The outing - or not - of Dorian Nakamoto as the founder of the Bitcoin crypto currency has, yet again, got people asking tough questions about journalism. Net visionary, Marc Andreessen, has gone so far as to tweet that the entire saga is proof of why journalists command less respect than ever before.
To a rising tide of criticism that an individual’s privacy was grossly violated, journalists have clung to the public interest defence in revealing the apparent identity of Satoshi Nakamoto. Not all, though. The ever-thoughtful Anil Dash averred that after doing the laudable work of journalism and judging from the facts at hand, the story should not have been published.
The evidence, he said, simply did not make a compelling enough case. Others like Felix Salmon preferred a half-way option: Newsweek? – on available evidence? – ?that Dorian Nakamoto denied he was Satoshi Nakamoto – should not have published as a certainty Nakomoto’s identity, but rather put the story out as a theory and let the public decide.
But is publishing the identity of the founder of Bitcoin in the public interest? Bitcoin certainly is a remarkable technology and it, and its derivatives, have no doubt already shaped the world we live in. Couple this with the ideology of crypto-anarchism Bitcoin was conceived in? – ?a belief system that inspires many of its zealots – and you have a potent brew.
As such, Bitcoin is a social-technical phenomenon and a powerful force. The creative genius behind it, his motivations and his outlook on life, is not only of passing curiosity value, but is fundamentally in the public interest.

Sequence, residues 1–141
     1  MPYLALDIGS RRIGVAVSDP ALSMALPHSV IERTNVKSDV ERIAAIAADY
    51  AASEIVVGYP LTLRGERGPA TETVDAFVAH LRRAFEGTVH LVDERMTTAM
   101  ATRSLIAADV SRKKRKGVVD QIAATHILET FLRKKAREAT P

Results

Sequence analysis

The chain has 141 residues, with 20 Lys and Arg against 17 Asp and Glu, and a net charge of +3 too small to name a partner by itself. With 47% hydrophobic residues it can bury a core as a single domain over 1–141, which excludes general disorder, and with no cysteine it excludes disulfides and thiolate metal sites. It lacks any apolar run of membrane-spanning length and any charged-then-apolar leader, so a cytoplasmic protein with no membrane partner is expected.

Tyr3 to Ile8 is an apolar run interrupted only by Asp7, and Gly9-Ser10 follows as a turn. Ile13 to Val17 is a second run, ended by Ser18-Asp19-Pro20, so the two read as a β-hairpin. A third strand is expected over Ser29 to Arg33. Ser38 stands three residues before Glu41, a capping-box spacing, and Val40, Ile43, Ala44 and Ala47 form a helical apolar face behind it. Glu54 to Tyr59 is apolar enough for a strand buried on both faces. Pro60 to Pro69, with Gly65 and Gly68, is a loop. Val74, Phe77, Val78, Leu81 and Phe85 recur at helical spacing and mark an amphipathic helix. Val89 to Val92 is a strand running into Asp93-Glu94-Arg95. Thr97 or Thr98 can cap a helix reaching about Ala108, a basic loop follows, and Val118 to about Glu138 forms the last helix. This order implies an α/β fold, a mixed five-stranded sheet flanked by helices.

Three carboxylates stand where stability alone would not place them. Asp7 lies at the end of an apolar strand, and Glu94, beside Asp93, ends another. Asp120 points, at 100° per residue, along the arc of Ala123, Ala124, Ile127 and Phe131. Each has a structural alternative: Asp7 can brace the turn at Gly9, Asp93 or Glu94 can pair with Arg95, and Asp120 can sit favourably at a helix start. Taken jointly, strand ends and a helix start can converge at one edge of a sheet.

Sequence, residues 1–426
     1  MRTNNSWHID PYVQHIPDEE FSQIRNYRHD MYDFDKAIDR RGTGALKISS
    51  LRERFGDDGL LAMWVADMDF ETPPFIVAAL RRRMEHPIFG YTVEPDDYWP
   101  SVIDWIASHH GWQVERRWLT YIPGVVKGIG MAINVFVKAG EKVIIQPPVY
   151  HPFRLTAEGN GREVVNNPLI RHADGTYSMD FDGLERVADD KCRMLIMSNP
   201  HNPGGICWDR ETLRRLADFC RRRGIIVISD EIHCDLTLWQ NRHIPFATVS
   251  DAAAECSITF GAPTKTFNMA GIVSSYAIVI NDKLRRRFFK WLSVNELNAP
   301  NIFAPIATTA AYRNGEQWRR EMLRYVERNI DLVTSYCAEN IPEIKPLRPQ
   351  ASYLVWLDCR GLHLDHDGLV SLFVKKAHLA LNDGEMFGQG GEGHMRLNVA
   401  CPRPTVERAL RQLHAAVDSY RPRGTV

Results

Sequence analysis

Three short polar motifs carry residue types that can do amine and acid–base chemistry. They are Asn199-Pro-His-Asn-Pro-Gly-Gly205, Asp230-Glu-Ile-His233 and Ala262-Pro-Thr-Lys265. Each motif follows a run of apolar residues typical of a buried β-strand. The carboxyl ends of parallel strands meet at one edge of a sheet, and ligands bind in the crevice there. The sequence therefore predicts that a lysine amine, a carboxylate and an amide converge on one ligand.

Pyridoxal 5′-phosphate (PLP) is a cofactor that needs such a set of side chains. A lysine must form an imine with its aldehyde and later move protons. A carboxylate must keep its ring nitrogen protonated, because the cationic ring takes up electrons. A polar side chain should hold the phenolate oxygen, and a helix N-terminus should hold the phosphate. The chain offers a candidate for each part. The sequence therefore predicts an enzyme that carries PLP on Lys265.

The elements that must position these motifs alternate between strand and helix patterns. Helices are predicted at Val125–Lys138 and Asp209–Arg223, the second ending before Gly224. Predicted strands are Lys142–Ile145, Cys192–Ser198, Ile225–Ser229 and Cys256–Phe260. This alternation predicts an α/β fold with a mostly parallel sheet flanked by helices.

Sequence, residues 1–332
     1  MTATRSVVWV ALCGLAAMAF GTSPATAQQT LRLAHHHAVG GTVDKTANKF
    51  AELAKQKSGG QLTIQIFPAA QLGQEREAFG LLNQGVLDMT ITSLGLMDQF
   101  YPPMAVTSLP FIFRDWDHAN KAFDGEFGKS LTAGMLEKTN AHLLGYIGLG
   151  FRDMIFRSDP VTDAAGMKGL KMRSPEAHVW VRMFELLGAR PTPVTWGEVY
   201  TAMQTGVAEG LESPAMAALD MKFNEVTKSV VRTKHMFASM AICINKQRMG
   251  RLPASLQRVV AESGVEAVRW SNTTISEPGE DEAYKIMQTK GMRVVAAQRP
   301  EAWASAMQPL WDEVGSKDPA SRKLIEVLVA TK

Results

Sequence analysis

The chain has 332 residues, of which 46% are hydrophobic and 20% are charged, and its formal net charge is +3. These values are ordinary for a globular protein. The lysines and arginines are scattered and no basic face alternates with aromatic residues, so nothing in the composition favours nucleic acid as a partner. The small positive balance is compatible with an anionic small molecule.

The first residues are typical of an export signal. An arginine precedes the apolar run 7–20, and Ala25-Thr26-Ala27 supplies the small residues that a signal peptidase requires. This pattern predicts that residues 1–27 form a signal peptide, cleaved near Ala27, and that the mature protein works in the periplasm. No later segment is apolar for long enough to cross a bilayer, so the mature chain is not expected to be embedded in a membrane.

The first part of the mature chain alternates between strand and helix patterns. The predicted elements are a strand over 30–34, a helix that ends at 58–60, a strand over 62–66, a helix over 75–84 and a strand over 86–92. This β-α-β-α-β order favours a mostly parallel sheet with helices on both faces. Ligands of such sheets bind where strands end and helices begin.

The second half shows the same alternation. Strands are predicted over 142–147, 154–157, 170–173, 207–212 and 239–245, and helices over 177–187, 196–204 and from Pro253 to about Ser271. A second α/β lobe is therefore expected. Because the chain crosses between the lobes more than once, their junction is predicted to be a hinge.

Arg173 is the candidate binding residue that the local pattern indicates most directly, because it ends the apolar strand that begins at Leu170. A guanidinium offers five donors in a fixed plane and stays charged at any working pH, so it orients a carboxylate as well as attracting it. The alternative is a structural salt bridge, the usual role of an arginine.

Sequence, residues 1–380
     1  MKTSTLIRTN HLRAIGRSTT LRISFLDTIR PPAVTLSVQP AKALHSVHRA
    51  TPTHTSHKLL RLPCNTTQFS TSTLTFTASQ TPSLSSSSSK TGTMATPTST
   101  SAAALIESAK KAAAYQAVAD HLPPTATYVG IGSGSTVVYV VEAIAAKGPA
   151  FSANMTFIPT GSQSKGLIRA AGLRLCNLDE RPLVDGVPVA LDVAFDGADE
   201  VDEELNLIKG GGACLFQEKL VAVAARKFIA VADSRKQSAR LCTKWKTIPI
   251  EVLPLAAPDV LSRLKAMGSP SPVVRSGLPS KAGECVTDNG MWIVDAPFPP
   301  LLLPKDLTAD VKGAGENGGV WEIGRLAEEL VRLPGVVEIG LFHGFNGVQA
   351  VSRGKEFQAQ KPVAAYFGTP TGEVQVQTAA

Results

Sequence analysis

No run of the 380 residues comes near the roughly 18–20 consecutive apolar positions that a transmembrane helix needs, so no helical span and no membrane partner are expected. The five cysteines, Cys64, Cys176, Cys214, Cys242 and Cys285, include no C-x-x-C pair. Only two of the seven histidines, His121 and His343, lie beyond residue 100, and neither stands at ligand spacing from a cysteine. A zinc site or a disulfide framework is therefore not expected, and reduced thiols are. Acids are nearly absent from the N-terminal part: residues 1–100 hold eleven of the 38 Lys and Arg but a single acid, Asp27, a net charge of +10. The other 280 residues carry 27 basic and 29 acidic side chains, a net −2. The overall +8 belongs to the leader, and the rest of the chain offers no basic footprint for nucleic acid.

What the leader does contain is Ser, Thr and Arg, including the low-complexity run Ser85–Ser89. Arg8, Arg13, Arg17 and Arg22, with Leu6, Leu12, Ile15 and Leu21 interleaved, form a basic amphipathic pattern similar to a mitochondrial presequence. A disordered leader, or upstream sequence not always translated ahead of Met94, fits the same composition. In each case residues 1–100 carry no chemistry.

The issue, however – whether the Newsweek article should have been published – is not settled even if publishing the story is in the public interest. The question should still be dependent on another question: Whether this indeed was, or at least is, likely to be Santoshi?
Dash claims quite rightly that the journalist was right to investigate, as how else would he or she have known either way?
But, implies Dash, the editor erred when presented with the inconclusive evidence and made the decision to go ahead and publish. To my mind he, rather than Felix Salmon, is correct. There were too many serious doubts to publish, full stop. Even publishing with a disclaimer would not have been just.
But I would disagree with Dash that the journalist could absolve him- or herself from the decision to pull the publishing trigger. In today’s media landscape, a journalist can be anyone. Or as Jay Rosen says, everybody can “commit journalistic acts”. Now, more than ever, a journalist does not need Newsweek? – ?or even a publisher – to publish. Conversely, not all of us who commit acts of journalism have editors.
The link between journalistic acts and institutions like Newsweek are increasingly tenuous. Are we saying that journalists who are lucky enough to have editors have less of a responsibility than those who do not?
Or, to put it another way, does being a part of a journalistic institution absolve people committing journalism from decisions of whether to publish or not? If this were true, then we’d have the strange situation where professional journalists were held to a lower standard than amateur bloggers. And that would be quite the opposite of what society demands in other fields. DM
Bladerunner (1980s version) is a visual feast due in large part to the Hollywood Actors Strike. This allowed the designers an extra three months to refine the sets and props.